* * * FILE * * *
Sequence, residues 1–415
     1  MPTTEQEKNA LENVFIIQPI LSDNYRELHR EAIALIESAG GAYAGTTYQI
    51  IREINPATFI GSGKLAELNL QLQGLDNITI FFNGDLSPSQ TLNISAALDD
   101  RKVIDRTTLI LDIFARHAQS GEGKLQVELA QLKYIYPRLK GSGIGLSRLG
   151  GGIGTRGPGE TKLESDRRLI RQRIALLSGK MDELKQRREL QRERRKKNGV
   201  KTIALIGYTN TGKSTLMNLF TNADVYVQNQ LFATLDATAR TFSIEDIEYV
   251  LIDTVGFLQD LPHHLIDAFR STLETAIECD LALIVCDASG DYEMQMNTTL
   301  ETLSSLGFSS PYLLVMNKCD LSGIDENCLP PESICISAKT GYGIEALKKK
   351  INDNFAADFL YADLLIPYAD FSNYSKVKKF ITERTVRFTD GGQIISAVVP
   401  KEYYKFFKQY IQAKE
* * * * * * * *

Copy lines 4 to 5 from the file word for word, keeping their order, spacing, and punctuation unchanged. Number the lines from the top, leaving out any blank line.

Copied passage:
   101  RKVIDRTTLI LDIFARHAQS GEGKLQVELA QLKYIYPRLK GSGIGLSRLG
   151  GGIGTRGPGE TKLESDRRLI RQRIALLSGK MDELKQRREL QRERRKKNGV